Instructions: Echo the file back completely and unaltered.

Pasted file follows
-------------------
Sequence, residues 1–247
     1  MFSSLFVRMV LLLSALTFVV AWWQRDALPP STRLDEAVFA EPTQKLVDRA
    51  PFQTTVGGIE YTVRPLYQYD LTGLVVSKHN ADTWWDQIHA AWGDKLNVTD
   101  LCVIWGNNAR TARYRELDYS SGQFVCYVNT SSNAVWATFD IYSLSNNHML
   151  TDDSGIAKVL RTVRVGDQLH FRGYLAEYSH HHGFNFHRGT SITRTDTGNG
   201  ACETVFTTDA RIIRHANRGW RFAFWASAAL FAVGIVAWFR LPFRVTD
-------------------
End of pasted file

Sequence, residues 1–247
     1  MFSSLFVRMV LLLSALTFVV AWWQRDALPP STRLDEAVFA EPTQKLVDRA
    51  PFQTTVGGIE YTVRPLYQYD LTGLVVSKHN ADTWWDQIHA AWGDKLNVTD
   101  LCVIWGNNAR TARYRELDYS SGQFVCYVNT SSNAVWATFD IYSLSNNHML
   151  TDDSGIAKVL RTVRVGDQLH FRGYLAEYSH HHGFNFHRGT SITRTDTGNG
   201  ACETVFTTDA RIIRHANRGW RFAFWASAAL FAVGIVAWFR LPFRVTD